27 Drug therapy Agents studied: Corticosteroids Ketoconazole Inhaled nitric oxide Surfactant No benefit demonstrated

28 Steroids in ARDS Earlier studies showed no benefit to early use steroids, but small study in 1990s showed improved oxygenation and possible mortality benefit in late stage ARDSnet trial (Late Steroid Rescue Study “LaSRS” – “lazarus”) of steroids 7+ days out from onset of ARDS 180 patients enrolled, RCT methylprednisolone vs placebo Overall, no mortality benefit Steroids increased mortality in those with sx >14 days JAMA 1998;280:159-65, N Engl J Med 2006;354:

29 Steroids in ARDS N Engl J Med 2006;354:

30 Other drugs in ARDS Ketoconazole ARDSnet study of 234 patients, ketoconazole did NOT decrease mortality, duration of mechanical ventilation or improve lung function Surfactant Multicenter trial, 725 patients with sepsis-induced ARDS, surfactant had no effect on 30-day survival, ICU LOS, duration of mechanical ventilation or physiologic function Inhaled Nitric oxide 177 patients RCT, improved oxygenation, but no effect on mortality of duration of mechanical ventilation N Engl J Med. 1996;334: Crit Care Med. 1998;26:15-23.

31 Fluid management “Dry lungs are happy lungs” ARDSnet RCT of 1000 patients (FACTT), Conservative vs liberal fluid strategy using CVP or PAOP monitoring to guide, primary outcome: death. Conservative fluids Improved oxygenation More ventilator-free days More days outside ICU No increase in shock or dialysis No mortality effects

32 ARDSnet Fluid Management NEJM 2006;354:

33 Keys to management Treat underlying illness Supportive care Low tidal volume ventilation Nutrition Prevent ICU complications Stress ulcers DVT Nosocomial infections Pneumothorax No routine use of PA catheter Diuresis/avoidance of volume overload Give lungs time to recover

34 Survival and Long Term Sequelae Traditionally mortality 40-60% May be improving, as mortality in more recent studies in range 30-40% Nonetheless survivors report decreased functional status and perceived health 79% of patients remember adverse events in ICU 29.5% with evidence of PTSD

35 1 year after ARDS survival Lung Function: FEV1 and FVC were normal; DLCO minimally reduced Only 20% had mild abnormalities on CXR Functionally: Survivors’ perception of health was <70% of normals in: Physical Role: Extent to which health limits physical activity Physical Functioning: Extent to which health limits work Vitality: Degree of energy patients have 6 minutes walk remained low Only 49% had returned to work NEJM 2003: 348:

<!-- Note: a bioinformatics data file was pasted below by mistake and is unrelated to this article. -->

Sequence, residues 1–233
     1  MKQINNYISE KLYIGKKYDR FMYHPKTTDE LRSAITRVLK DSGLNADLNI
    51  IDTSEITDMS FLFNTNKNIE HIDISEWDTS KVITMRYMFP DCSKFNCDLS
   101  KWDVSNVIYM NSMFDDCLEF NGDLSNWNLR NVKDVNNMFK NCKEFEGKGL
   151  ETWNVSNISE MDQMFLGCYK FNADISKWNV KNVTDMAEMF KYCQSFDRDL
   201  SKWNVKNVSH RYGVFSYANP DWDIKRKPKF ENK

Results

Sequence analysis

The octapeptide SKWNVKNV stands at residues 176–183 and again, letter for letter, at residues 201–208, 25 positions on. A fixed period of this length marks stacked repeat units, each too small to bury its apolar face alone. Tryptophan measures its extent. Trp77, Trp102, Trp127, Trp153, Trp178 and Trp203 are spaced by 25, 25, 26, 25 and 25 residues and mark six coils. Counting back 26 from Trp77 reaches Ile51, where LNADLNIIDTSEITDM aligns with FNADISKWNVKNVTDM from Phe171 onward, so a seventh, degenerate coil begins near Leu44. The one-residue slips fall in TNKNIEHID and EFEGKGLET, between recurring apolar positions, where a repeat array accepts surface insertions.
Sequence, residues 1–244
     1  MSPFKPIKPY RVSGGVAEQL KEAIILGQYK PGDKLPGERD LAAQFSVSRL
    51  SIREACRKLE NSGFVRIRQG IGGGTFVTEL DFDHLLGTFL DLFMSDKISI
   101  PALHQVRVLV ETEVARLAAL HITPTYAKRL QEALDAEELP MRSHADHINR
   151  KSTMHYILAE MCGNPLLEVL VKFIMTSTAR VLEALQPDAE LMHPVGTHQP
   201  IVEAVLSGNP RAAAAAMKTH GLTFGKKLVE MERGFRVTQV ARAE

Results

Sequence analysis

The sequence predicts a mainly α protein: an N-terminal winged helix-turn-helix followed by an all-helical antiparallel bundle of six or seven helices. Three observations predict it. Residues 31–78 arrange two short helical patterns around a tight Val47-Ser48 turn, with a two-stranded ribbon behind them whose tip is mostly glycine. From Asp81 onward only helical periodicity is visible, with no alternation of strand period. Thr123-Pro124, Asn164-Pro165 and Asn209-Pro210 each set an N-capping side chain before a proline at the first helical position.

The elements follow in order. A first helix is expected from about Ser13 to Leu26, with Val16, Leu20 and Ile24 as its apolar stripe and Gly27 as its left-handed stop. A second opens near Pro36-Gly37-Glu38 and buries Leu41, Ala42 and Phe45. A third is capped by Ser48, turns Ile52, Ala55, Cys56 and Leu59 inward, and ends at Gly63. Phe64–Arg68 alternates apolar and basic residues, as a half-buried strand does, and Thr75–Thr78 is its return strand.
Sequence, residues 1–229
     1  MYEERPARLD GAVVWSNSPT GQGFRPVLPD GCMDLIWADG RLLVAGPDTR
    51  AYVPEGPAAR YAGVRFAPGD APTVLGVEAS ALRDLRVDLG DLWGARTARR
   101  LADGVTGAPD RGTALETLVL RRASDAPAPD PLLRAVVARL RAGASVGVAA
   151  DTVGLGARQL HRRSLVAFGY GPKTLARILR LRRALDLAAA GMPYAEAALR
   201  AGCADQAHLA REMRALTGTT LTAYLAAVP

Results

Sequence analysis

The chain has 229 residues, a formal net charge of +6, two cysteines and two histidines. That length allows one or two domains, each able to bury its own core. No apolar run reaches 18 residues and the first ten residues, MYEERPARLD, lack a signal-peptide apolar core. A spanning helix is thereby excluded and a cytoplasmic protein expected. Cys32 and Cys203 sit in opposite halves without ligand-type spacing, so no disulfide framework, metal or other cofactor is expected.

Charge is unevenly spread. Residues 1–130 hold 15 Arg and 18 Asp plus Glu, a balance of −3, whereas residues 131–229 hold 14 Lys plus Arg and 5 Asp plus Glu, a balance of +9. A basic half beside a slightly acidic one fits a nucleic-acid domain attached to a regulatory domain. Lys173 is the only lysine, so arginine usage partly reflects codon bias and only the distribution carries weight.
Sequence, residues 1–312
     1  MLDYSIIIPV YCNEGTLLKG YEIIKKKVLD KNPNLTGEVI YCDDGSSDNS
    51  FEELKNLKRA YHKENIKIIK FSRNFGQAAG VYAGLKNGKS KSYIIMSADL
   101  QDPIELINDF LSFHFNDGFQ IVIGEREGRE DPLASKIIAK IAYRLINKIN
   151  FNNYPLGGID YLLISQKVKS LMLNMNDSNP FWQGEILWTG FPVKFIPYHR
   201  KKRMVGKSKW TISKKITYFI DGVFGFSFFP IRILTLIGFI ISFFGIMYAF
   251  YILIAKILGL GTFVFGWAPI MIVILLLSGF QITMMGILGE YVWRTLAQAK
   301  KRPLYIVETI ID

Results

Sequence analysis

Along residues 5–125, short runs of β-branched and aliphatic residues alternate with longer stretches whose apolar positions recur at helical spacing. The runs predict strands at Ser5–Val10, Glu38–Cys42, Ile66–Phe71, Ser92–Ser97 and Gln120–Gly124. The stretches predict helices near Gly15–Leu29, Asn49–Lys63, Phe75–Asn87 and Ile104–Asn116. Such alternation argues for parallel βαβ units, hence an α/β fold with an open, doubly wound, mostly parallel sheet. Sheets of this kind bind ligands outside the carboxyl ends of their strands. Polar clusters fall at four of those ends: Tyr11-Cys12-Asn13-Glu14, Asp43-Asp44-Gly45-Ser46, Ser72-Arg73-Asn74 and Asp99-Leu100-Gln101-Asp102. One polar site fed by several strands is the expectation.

36 Summary ARDS is a clinical syndrome characterized by severe, acute lung injury, inflammation and scarring Significant cause of ICU admissions, mortality and morbidity Caused by either direct or indirect lung injury Mechanical ventilation with low tidal volumes and plateau pressures improves outcomes So far, no pharmacologic therapies have demonstrated mortality benefit Ongoing large, multi-center randomized controlled trials are helping us better understand optimal management

37 References Rubenfeld GD, et al. Incidence and outcomes of acute lung injury N Engl J Med. 2005;353: Luhr OR, et al. Incidence and mortality after acute respiratory failure and acute respiratory distress syndrome in Sweden, Denmark, and Iceland. The ARF study group. Am J Respir Crit Care Med. 1999;159: , Bersten AD et al. Australian and New Zealand Intensive Care Society Clinical Trials Group. Incidence and mortality of acute lung injury and the acute respiratory distress syndrome in three Australian states. Am J Respir Crit Care Med. 2002;165: Connors AF Jr, et al. The effectiveness of right heart catheterization in the initial care of critically ill patients. SUPPORT investigators. JAMA. 1996;276: Richard C, et al. Early use of the pulmonary artery catheter and outcomes in patients with shock and acute respiratory distress syndrome: a randomized controlled trial. JAMA. 2003;290: Wheeler AP, et al. Pulmonary-artery versus central venous catheter to guide treatment of acute lung injury. N Engl J Med. 2006:354: Ventilation with lower tidal volumes as compared with traditional tidal volumes for acute lung injury and the acute respiratory distress syndrome. The Acute Respiratory Distress Syndrome Network. N Engl J Med. 2000;342: National Heart, Lung and Blood Institues Acute Respiratory Distress (ARDS) Clinical Trials Network. Comparison of two fluid-management strategies in acute lung injury. N Enlg J Med. 2006;354: Kollef, MH, Schuster DP. The acute respiratory distress syndrome. N Engl J Medicine 1995;332(1):27-37.

38 References Ketoconazole for early treatment of acute lung injury and acute respiratory distress syndrome: a randomized controlled trial. JAMA. 2000;283: Anzueto A, et al. Aerosolized surfactant in adults with sepsis-induced acute respiratory distress syndrome. Exosurf Acute Respiratory Distress Syndrome Sepsis Study Group. N Engl J Med. 1996;334: Dellinger RP et al. Effects of inhaled nitric oxide in patients with acute respiratory distress syndrome: results of randomized phase II trial. Inhaled Nitric Oxide in ARDS Study Group. Crit Care Med. 1998;26: Zapol WM, et al. Extracorporeal membrane oxygenation in severe acute respiratory failure. A randomized prospective study. JAMA 1979;242: Derdak S, et al. High-frequency oscillatory ventilation for adult respiratory distress syndrome: a randomized controlled trial. Am J Respir Crit Care Med. 2002;166: Bernard GR, et al. High-dose steroids in patients with the adult respiratory distress syndrome. N Engl J Med. 1987;317: Steinberg KP, et al. Efficacy and safety of corticosteroids for persistent acute respiratory distress syndrome. N Engl J Med. 2006:354: Ware LB, MA Matthay. The acute respiratory distress syndrome. N Engl J Med 2000;342: Meduri GU et al. Effect of prolonged methylprednisolone therapy in unresolving acute respiratory distress syndrome: a randomized controlled trial. JAMA 1998;280: National Heart, Lung, and Blood Institute Acute Respiratory Distress Syndrome (ARDS) Clinical Trials Network. Efficacy and safety of corticosteroids for persistent acute respiratory distress syndrome. N Engl J Med 2006;354:


Download ppt "Acute Respiratory Distress Syndrome Alice Gray, MD Duke University Medical Center March 21, 2007."

Similar presentations


Ads by Google